Testing New Techniques for Deep Brain Stimulation
It has been 15 years since deep brain stimulation (DBS) surgery was approved as a therapy for Parkinson’s disease (PD). For those who qualify, DBS surgery can dramatically ease symptoms and reduce the need for medications. Now, Jing Wang, Ph.D., of the University of Minnesota, is studying ways to make DBS even better. Dr. Wang used a one-year $50,000 Research Fellowship from the Parkinson’s Foundation to study a new-and-improved technique that she hopes can improve the lives of people with Parkinson’s. Here, she shares her findings.
Q. What interested you in studying DBS for PD?
A: The first time I learned about DBS surgery was from my mentor Jerrold Vitek, M.D., Ph.D. I was amazed to learn how DBS could improve lives. Later, I came to understand that, given our improved knowledge of the brain and technology, we should be able to make DBS better! That’s how I came to explore novel DBS therapies that can improve life for people living with Parkinson’s disease.
Q. Can you share the DBS technique you studied?
A: We studied a new way of stimulating the brain called coordinated reset or CR-DBS. With this method, DBS surgery remains the same. What is new is how we stimulate the brain with electricity afterwards. For example, standard DBS delivers constant quick and intense electrical pulses to the brain. In contrast, CRDBS delivers low amplitude bursts of electricity into different areas of the brain at random. Also, standard DBS only works when the stimulator is turned on. But our study showed the effects of CR-DBS on the brain persist for up to two weeks after it’s turned off.
Q. How might this method be more effective?
A: In early studies, we found that the technique led to long-term improvements in PD movement symptoms. In fact, the improvements lasted longer than those associated with standard DBS. Additionally, because the technique requires less stimulation, it may reduce side effects. Lastly, because we have shown the effects of CRDBS persist long after the stimulator has been turned off, it may extend the life of the DBS battery. A longer lasting battery could help people with PD avoid frequent medical procedures needed when their battery dies.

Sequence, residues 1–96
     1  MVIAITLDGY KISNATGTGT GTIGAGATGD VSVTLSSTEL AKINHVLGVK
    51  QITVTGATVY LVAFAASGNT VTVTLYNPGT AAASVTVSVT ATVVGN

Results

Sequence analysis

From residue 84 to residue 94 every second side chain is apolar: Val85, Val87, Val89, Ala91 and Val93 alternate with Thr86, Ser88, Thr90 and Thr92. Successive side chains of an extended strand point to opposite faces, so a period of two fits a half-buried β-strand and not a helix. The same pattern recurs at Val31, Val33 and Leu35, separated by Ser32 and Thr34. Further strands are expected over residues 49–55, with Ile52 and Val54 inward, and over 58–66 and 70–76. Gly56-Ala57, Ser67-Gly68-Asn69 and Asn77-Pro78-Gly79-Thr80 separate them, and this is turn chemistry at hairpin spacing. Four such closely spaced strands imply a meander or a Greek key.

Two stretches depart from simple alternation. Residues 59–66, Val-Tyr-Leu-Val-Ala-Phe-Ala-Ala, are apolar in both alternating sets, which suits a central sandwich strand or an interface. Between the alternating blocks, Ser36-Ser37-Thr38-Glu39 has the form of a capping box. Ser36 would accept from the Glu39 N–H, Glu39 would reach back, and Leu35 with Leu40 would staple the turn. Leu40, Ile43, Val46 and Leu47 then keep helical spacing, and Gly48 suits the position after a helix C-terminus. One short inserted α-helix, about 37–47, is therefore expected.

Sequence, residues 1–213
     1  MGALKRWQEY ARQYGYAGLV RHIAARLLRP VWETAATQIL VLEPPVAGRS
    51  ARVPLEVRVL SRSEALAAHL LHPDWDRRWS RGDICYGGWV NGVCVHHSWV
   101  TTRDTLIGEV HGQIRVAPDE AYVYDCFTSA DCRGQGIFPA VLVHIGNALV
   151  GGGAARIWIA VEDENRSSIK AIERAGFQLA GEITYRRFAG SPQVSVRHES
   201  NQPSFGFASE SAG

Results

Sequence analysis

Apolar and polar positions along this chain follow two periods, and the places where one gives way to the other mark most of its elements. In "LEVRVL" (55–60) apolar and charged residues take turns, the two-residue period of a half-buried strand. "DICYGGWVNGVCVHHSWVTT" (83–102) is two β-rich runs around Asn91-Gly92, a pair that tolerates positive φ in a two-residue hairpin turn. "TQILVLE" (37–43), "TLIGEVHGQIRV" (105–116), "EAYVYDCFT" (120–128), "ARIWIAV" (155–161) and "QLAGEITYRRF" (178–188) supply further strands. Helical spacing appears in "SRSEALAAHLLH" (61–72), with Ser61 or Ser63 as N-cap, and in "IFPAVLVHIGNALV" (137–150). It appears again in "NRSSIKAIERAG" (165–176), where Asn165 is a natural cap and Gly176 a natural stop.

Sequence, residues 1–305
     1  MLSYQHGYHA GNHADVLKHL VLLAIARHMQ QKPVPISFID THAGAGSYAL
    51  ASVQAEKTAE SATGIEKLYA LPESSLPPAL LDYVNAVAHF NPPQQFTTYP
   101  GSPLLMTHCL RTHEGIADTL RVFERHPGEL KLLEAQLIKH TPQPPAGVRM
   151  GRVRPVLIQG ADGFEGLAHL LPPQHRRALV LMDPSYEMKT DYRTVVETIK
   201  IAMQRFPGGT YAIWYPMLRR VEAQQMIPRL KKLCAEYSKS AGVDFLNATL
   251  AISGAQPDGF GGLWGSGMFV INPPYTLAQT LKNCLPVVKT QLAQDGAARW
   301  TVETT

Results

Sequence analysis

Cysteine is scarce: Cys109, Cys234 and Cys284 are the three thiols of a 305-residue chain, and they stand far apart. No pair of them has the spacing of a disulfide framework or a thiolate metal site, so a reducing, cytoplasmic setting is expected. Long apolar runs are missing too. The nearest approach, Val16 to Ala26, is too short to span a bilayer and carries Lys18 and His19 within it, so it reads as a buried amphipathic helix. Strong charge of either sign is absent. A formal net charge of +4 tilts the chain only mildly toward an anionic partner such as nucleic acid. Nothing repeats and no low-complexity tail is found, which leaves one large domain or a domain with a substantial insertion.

Q. Is this technique available to people with PD?
A: We need more research before it becomes available to understand how CR-DBS affects the brain and if it can impact other symptoms. But the good news is that we are only one step away from clinical trials! In fact, the University of Minnesota was recently designated a Udall Center of Excellence for Parkinson’s Disease, in part thanks to the preliminary research findings supported by my Parkinson’s Foundation fellowship. One goal of our designation is to study this new DBS technique in people with Parkinson’s. It’s exciting.
Q. How might this work impact the community?
A: We hope this work can bring people with Parkinson’s more treatment options that are tailored to their needs and can further improve their daily lives. We also hope to encourage more researchers to join us in the exploration of novel DBS therapies to create better treatments.
Q. Is there anything else you’d like to share?
A: I am amazed that organizations like the Parkinson’s Foundation are supporting lab research. This award was critical in supporting our first steps of exploring this novel DBS strategy. Based on the preliminary findings, we were able to collaborate with industry and get support to start clinical trials, which made our research highly translational to future Parkinson’s therapies.